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Abraham, in the vision, is not impressed. He asks, “What good are all your blessings when I don’t even have a son?” (15:2). Abraham is afraid that a slave instead of a son will inherit the estate God has given him. When God says Abraham will have his own flesh-and-blood son along with descendants “too many to count” (15:5 ncv), Abraham essentially says, “Sounds good to me.” The writer reports it this way: Abram believed the Lord. The Lord was pleased with Abram because he believed. So Abram’s faith made him right with the Lord (15:6 nirv). Some students of the Bible interpret the verse something like this: “Abram believed in the Lord, and because of that the Lord saved him.” Even Paul, in the New Testament, will use this verse to emphasize how important it is to trust God for salvation. Yet most Bible experts say that’s not what’s going on with Abraham. He’s not getting saved. He’s already God’s man. Instead, scholars say, Abraham is simply trusting that God will do what he said and give him a son. God is happy Abraham trusts him that much. The Lord counted him as righteous because of his faith (15:6). Scholars debate what that means. In the New Testament, Paul will quote this line to show that the way to righteousness and God’s approval is to trust God. In other words, we can’t earn righteousness by doing a lot of good stuff and obeying a church manual full of rules. “People are counted as righteous, not because of their work, but because of their faith in God who forgives sinners” (Romans 4:5). If Abraham is any example, righteousness leads to good things for the God-approved soul and the people in his or her life.

After God sees Abraham’s response, God reacts with another promise: a nation. The boundaries of this nation stretch far beyond what is now Israel. Some say King Solomon grew his kingdom to fit God’s promise. Solomon’s influence reached as far north as the Euphrates River in what is now Syria, and as far south as “the river of Egypt” (15:18 nasb). That’s possibly the Nile River or Wadi El-Arish, which is now usually a dry riverbed along Israel’s border with Egypt. Or maybe the writer was talking about some other stream. This promise seems to trip Abraham. He doesn’t seem to take the leap of faith. Instead, he asks, “How can I be sure that I will own this land?” (15:8 ncv). Most Bible experts say this question is no big deal. It doesn’t seem to bother God. Scholars say Abraham asked the question because he knew he wouldn’t be alive to see his descendants create a nation there. But he would be alive to see his son. That’s what Bible experts say is the difference between Abraham’s two responses to God’s two promises. Faith the first time. Questioning the next. Both are okay.

ODD ANIMAL SACRIFICES God tells Abraham to kill five animals: a three-year-old cow a three-year-old goat a three-year-old male sheep (ram) a dove a young pigeon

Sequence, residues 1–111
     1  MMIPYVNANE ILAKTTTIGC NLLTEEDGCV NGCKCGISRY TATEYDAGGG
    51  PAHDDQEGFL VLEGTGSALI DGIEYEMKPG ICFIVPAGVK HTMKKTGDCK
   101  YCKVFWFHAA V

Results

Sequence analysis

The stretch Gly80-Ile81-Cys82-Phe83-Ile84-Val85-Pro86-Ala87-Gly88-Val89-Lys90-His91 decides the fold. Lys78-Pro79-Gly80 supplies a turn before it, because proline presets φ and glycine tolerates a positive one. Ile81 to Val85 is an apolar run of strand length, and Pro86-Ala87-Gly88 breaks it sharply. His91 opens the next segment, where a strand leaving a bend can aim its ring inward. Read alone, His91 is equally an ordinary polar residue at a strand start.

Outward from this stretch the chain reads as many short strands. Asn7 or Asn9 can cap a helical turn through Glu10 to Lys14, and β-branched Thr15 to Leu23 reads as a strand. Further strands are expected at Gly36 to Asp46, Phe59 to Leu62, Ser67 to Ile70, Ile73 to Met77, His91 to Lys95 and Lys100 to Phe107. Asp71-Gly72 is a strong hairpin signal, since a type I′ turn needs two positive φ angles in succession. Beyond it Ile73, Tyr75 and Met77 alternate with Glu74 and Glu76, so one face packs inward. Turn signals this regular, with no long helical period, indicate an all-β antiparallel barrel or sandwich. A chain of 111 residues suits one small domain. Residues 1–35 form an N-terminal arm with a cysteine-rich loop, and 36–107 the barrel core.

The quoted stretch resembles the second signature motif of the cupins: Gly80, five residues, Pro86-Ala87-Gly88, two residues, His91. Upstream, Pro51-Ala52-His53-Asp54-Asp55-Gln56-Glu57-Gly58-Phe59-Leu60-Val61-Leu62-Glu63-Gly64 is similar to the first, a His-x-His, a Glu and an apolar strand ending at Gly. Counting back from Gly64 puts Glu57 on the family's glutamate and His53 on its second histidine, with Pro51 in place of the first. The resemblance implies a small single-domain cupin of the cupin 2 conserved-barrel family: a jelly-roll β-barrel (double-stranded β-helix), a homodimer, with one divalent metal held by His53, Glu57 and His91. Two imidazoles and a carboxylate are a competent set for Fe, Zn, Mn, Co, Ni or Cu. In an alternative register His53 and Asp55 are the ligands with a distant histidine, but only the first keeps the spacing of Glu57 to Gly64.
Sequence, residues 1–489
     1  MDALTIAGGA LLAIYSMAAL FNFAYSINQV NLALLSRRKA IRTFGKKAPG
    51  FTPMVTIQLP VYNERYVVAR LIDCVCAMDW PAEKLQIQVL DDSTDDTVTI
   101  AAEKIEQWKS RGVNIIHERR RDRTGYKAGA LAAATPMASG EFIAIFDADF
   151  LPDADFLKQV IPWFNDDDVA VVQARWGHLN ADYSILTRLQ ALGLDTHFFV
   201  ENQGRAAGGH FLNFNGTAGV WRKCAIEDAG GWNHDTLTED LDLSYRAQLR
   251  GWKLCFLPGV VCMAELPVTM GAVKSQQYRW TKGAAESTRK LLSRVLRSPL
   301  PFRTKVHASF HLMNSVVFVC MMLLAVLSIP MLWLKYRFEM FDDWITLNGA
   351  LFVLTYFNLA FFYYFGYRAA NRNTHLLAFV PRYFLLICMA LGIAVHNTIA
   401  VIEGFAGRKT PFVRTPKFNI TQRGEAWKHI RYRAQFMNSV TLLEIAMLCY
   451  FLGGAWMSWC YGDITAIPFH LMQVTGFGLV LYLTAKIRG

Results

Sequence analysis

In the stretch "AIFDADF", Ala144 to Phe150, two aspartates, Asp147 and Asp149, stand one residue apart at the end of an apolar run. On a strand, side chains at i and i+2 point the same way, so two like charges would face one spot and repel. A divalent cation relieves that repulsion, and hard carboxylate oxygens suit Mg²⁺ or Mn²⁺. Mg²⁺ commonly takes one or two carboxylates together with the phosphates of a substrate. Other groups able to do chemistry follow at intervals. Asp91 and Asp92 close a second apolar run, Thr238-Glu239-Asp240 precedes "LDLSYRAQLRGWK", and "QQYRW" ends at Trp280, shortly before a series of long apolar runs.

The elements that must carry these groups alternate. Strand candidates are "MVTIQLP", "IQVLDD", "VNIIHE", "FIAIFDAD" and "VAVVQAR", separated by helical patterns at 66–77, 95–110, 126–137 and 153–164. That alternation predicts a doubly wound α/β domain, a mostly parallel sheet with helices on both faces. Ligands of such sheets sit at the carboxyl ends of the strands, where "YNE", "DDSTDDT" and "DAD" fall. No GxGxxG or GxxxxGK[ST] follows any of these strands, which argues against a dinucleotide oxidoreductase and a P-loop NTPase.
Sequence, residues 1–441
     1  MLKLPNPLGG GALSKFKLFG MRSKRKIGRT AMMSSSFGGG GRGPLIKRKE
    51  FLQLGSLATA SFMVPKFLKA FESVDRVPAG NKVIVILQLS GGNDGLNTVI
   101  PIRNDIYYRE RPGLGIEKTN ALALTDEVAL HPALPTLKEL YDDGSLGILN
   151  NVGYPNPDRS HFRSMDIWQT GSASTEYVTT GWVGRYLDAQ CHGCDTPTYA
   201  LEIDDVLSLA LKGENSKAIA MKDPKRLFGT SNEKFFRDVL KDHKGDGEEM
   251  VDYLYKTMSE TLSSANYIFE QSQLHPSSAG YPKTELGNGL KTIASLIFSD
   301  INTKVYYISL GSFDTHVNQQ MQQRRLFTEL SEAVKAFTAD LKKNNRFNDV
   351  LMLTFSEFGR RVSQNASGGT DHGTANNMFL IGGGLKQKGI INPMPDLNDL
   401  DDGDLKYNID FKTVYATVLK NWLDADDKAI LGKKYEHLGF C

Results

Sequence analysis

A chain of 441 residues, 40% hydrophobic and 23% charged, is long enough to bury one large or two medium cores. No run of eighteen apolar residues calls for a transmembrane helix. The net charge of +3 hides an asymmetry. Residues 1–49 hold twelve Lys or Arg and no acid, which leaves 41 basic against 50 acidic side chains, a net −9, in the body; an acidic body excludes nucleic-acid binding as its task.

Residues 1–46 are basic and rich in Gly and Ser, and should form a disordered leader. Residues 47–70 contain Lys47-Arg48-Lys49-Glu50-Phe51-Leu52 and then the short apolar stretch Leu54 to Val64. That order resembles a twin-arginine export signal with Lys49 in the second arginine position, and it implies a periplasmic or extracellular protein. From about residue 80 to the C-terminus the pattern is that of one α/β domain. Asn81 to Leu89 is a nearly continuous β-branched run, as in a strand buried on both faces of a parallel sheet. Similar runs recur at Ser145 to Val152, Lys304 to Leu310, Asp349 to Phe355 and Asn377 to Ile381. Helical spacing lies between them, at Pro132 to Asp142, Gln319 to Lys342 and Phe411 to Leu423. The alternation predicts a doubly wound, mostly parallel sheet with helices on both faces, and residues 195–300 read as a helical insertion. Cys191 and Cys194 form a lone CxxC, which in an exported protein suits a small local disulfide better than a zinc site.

Abraham cuts the large animals in half but not the birds. He presents them to God. As Abraham waits for God to respond, vultures swooped down to eat the carcasses, but Abram chased them away (15:11). Some

Genesis 15

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Super-sized Promised Land. The Genesis writer says God promises Abraham a homeland that stretches from the Euphrates River in what is now Syria to “the river of Egypt” (15:18 nasb), possibly as far as the Nile River, though many Bible experts say it’s more likely a stream closer to modern Israel, such as Wadi El-Arish, just across Israel’s southern border.

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Slaves for sale. Egyptians prepare to sell Nubian slaves from what are now southern Egypt and Sudan. God told Abraham the Jews would spend 400 years enslaved in a foreign nation, but that they eventually “will return here to this land” (Genesis 15:16). Abraham’s descendants “lived in Egypt for 430 years” (Exodus 12:40).

scholars see this as a symbol of tough times ahead for Abraham’s descendants. Others say it’s a sign that the faith of Abraham will protect them. Of course, many scholars say, no symbolism may have been intended. It could have been just a few hungry birds. In a nighttime dream or a vision, God appears to Abraham. God predicts that Abraham’s descendants will spend 400 years enslaved in a foreign land, which scholars say is a reference to their slavery in Egypt. But God also promises an exodus: “Your descendants will return here to this land” (15:16). Suddenly, Abraham sees a flaming torch (15:17) and a smoking firepot—perhaps a bit like a censer that priests use in church. Apparently levitating, the torch and pot pass between the halves of the dead critters.

It’s anyone’s guess what that meant to Abraham. But in the context of the Genesis writer’s report, it seems the ritual somehow sealed God’s promise to give the land to Abraham’s descendants. Perhaps it was a way of assuring Abraham, who wondered how he could possibly know that his descendants would get this land. Some scholars guess that God borrowed and adapted this ritual from Abraham’s world. Ancient documents from the city of Mari, in Abraham’s former part of the planet alongside the Euphrates River, describe similar rituals for making a treaty. The documents say that when a person walks between the split carcasses, it’s a way of enacting a treaty—of saying, “I’m in.”